More home-grown veg as British, US belts tighten
Almost 70 years after Britons were urged to Dig For Victory to produce hearty home-grown food to help the war effort, domestic horticulture is coming back.
Across the Atlantic, where mortgage defaults, plummeting property prices and spiralling oil costs have driven the United States economy to the brink of recession, home-grown food is also gaining in popularity.
Where for some people, the appeal has been primarily health-driven, for other newcomers to the grow-your-own phenomenon, growing vegetables from seed is being recognised as a cheap way to get healthy food.
According to the US National Gardening Association, Americans spent about $1,4-billion on growing their own vegetables last year, an increase of almost 25% on 2006.
Across Britain, gardening virgins are buying vegetable seeds in their millions and waiting lists for allotments—plots of land which can be rented for a nominal fee and cultivated to your heart’s desire—are stretching for years.
About 300 000 people hold allotments in Britain, but many thousands more are waiting. And whereas once they were strictly the territory of elderly green-fingered enthusiasts, now everyone from hard-up students to busy young professionals wants a little piece of the country to call—and grow—their own.
“We got in just before the rush,” said Maeve Polkinhorn, a young mother as her one-year-old daughter Orla snoozed in a buggy beside the plot she has had for three years at the Grange Lane Allotments in south-east London.
“For us it’s the perfect antidote to living in London. It’s a great stress-buster and the vegetables we grow taste so much better.”
A combination of rising fuel costs, greater demand from growing economies in Asia, poor crop yields and the use of farmland for biofuels has pushed world food prices up.
In Britain, the credit squeeze is starting to bite and people are told the going is getting tougher with daily media headlines about rising inflation and slowing economic growth.
“We often find that when pockets are a little tight and people haven’t got so much spare change, they tend to buy more seeds,” said Clare Dixie, marketing manager for Thompson Morgan, one of Britain’s biggest seed companies.
Digging for victory
Vegetable-growing in Britain declined sharply in the 1980s and 1990s as cheap all-year-round vegetables in supermarkets took prime position.
But both Thompson Morgan and Suttons Seeds—another major British supplier—have noticed a rising trend in the past five years and say they have seen a jump towards vegetables from flower seeds this year in particular, with edible varieties accounting for between 60% and 70% of total sales.
Britons spent about £62-million ($122-million) on seeds in 2007, £46-million of which was spent on seeds of edible plants, according to the Horticultural Trades Association.
Its latest figures show sales of fruit trees and seeds for edible plants were on the up in 2007, rising by 43% and 13% on 2006—a trend set to continue this year.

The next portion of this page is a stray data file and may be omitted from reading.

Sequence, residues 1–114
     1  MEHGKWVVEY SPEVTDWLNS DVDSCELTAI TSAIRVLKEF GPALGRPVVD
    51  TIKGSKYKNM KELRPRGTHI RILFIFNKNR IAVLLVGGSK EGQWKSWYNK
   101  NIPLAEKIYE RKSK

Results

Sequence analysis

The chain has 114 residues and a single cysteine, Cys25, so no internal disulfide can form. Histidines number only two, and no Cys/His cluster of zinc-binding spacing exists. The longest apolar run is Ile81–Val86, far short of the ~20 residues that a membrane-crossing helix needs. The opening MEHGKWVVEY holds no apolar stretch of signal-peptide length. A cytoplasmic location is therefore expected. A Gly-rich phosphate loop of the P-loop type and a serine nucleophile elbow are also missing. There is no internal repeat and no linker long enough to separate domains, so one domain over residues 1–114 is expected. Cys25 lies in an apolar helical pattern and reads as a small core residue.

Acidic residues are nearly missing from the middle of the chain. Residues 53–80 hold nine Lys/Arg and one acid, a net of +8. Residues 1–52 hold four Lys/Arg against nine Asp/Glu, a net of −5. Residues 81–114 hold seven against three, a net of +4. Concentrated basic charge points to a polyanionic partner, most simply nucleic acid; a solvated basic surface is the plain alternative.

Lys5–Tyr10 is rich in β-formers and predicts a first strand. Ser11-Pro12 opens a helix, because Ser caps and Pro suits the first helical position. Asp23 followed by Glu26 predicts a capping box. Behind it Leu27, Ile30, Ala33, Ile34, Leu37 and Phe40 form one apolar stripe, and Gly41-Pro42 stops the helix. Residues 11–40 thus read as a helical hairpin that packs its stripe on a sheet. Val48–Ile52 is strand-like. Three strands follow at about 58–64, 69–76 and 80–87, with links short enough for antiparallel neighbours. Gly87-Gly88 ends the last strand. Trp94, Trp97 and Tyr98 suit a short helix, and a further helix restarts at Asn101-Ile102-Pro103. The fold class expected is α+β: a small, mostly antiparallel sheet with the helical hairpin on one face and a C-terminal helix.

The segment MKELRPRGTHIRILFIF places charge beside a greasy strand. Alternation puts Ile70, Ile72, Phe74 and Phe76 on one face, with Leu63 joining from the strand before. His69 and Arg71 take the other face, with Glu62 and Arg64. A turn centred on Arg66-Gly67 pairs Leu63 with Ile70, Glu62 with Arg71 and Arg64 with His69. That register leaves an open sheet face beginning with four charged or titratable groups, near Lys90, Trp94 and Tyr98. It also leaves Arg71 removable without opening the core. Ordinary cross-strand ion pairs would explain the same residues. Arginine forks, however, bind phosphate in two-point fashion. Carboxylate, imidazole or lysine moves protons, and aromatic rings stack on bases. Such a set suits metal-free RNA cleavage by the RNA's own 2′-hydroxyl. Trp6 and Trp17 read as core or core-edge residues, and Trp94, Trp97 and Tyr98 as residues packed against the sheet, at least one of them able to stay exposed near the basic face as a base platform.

Tom Sharples of Suttons said the fashion for organic foods—especially among middle-class mothers—had been a driving factor, but he is convinced the tougher economic climate will produce longer-term converts.
“Before, it used to be the older people and then it was the eco-mummies,” he said.
“But now I suspect there is a strong economic factor.”
Lenny Moakes, an 85-year-old seasoned London-based allotment grower, said this year, more than ever in his 44 years of vegetable growing, has been a bumper year for newcomers. “We all want food now that’s organic, we don’t put no chemicals or any of that rubbish on our vegetables.”
Many amateur growers are also eager to point out many other health benefits—both mental and physical.
John Sleat (71) says he thought his “time was up” when he contracted pneumonia last year, but his doctor urged him not to give up the allotment because both the sowing and reaping were good for his health.
And Colin Rutland, a 77-year-old who is in remission from cancer, is convinced his plot kept him alive.
“I tell you, if I hadn’t had this allotment and I’d have had to sit indoors, I’d have been dead,” he said.
For those who have a smaller space, less time, or just less commitment, seed companies are rapidly developing fruit and vegetables to lure even the most impatient or work-shy growers.
Raspberries and blackberries which can be grown in pots, seed tapes and seed mats which keep mess to a minimum and “cut-and-come-again” salads which can be grown and harvested in a matter of weeks are selling well, according to Thompson Morgan and Suttons.
Among the dedicated, there is anecdotal evidence of a revival of some World War II habits, when food rationing meant “digging for victory” and using all resources—vegetable, animal and mineral—to ensure the nation’s survival.
Sharples said he has heard of Britons ploughing up their lawns, as they did in the 1940s. And some growers are branching out into new food production areas such as “snaileries”.
Gary Weekes, a builder who lives in the southern English county of Kent, said it seemed “a natural progression” for him to expand his vegetable-growing success to a more meaty crop.
After checking out some basic tips on the internet, he started a snailery in his back garden and soon had friends and neighbours dropping off their contributions on his doorstep.
“I took about a hundred of them to a barbeque at a friend’s house and they went down a storm,” he said.
“And I’ve had my eye on the squirrels in my back garden for the past few weeks,” he added, only half joking. - Reuters 2008